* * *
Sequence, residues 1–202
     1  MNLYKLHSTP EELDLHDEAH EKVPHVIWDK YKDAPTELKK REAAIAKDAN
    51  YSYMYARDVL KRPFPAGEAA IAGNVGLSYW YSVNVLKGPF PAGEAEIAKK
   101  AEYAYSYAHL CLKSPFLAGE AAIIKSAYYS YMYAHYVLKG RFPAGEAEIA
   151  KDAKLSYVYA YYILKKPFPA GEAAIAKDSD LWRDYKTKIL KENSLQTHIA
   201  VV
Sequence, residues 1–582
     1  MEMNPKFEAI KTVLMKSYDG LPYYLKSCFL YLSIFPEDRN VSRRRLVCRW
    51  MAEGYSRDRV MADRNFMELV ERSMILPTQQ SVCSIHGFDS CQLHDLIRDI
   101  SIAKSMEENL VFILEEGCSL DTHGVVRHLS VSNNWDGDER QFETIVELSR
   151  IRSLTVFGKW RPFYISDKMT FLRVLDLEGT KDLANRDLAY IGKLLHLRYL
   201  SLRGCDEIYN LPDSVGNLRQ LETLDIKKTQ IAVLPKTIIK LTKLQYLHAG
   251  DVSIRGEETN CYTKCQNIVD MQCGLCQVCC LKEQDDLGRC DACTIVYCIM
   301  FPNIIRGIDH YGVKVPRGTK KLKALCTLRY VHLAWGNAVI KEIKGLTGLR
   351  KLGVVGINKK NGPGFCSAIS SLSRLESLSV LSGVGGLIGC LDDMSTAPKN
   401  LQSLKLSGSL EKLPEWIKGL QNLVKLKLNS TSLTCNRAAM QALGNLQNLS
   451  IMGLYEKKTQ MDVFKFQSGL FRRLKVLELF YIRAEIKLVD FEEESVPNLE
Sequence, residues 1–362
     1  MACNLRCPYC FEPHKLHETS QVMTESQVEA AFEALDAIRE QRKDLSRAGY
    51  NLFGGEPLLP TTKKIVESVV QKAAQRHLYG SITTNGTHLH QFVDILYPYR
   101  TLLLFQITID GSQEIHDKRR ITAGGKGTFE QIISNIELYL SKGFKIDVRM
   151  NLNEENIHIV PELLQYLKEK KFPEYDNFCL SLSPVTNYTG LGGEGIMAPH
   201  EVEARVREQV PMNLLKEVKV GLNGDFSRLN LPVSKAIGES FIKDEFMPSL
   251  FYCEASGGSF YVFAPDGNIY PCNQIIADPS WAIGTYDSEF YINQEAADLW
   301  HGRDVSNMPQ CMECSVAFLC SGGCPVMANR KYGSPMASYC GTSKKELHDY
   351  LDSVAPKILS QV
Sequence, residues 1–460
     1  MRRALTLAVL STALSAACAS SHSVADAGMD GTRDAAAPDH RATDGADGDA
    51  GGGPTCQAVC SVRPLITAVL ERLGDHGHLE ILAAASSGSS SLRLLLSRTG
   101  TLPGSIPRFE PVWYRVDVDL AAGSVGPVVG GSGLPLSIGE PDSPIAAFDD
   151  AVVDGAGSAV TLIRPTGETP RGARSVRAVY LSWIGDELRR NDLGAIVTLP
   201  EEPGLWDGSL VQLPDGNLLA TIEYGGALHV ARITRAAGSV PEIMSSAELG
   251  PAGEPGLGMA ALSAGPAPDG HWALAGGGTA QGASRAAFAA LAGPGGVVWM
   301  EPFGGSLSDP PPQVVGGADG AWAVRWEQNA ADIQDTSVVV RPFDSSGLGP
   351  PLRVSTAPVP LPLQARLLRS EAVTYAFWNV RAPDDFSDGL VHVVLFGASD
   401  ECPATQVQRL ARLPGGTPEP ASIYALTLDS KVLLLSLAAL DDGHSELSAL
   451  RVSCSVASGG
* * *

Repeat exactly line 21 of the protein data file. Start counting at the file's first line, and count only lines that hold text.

   101  TLLLFQITID GSQEIHDKRR ITAGGKGTFE QIISNIELYL SKGFKIDVRM